I think, it was up about 13%, 14% sequentially. I know there was upside in October from one China customer, but it did grow 70% year-over-year last quarter, and you’re still expecting 30% year-over-year growth next quarter. If I remember correctly, I think, InfiniBand is about 40% of that business; Ethernet Cloud is about 60%. Jensen, what are the big drivers, especially since we’re in the midst of a cloud spending digestion cycle? And I just saw that the team announced their next-gen 400-gig InfiniBand solution, which should drive another strong adoption cycle with your supercomputer customers. When does this upgrade cycle start to fire?
Our data center business consists of supercomputing centers, which is small, high-performance computing, which is a much larger part of super computing, much larger than supercomputing, and then hyperscale and enterprise, which about 50-50. Of the data center business, the accelerated computing part is not very much associated with digestion than others. It’s much more associated with workloads and our new product cycles, the TCO that we bring in and AI inference, the type of models that the cloud service providers are deploying, whether they’re deploying new AI models, based on deep learning, and how much of it that we -- how much of those workloads that we’ve completed, the porting to our accelerators and ready it for deployment.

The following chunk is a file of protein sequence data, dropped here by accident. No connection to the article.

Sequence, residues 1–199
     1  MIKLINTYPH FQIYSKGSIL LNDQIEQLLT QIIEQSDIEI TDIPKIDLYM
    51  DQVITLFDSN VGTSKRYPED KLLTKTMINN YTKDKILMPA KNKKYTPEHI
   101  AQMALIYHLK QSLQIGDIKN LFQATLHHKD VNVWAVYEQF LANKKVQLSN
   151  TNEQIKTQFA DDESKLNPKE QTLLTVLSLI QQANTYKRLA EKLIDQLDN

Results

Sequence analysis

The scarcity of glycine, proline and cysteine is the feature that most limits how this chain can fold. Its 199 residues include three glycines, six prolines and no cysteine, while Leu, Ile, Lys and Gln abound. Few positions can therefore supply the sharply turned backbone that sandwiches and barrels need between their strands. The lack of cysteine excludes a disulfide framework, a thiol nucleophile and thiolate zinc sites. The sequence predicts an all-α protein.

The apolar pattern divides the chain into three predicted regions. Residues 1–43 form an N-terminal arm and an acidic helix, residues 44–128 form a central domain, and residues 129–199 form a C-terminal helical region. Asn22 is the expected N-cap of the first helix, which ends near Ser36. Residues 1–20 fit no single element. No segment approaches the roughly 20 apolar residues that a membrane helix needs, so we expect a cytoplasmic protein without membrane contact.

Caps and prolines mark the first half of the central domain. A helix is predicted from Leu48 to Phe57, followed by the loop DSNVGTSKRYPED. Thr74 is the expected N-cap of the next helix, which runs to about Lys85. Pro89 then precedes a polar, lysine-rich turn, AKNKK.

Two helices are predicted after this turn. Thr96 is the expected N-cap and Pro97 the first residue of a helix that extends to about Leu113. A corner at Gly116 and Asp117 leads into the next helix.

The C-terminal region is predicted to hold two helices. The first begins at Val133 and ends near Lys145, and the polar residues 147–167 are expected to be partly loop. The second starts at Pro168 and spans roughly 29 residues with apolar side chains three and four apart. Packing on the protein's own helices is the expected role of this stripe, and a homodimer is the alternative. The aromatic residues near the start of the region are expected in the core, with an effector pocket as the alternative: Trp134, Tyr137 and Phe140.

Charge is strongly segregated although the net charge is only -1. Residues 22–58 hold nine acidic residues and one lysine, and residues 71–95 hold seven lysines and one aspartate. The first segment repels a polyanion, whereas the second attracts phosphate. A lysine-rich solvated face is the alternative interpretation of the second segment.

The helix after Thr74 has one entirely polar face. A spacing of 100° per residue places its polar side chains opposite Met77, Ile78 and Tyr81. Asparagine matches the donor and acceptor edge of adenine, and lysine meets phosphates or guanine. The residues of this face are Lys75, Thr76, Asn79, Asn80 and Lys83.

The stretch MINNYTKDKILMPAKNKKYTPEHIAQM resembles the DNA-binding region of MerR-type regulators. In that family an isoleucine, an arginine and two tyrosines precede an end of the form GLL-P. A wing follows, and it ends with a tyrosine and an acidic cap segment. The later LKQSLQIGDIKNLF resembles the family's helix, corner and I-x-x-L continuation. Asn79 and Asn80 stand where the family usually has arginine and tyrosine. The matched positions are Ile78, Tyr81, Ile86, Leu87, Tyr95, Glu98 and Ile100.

And so, those are the factors associated with accelerated computing. It’s really about the apps, it’s really about the workloads and really driven by AI.
On the other hand, the networking part of our business is more connected to CPU business because they’re much more broad-based. The networking part of our business is driven by this idea of new hyperscale data center architecture called disaggregation. It’s software disaggregation, not necessarily hardware disaggregation.
Software disaggregation, where this type of software called Kubernetes orchestrate microservices that are deployed across the data center.
So, one service, one application isn’t monolithic running on one computer anymore. It’s distributed across multiple computers and multiple nodes, so that the hyperscale data centers can more easily scale up and scale out according to the workloads and according to the demand on the data center.
And so, this disaggregation has caused the networking between the compute nodes to be of all vital importance. And because Mellanox is the lowest-latency, highest-performance, highest-bandwidth network that you can get the TCO benefit at the data center scale is really fantastic.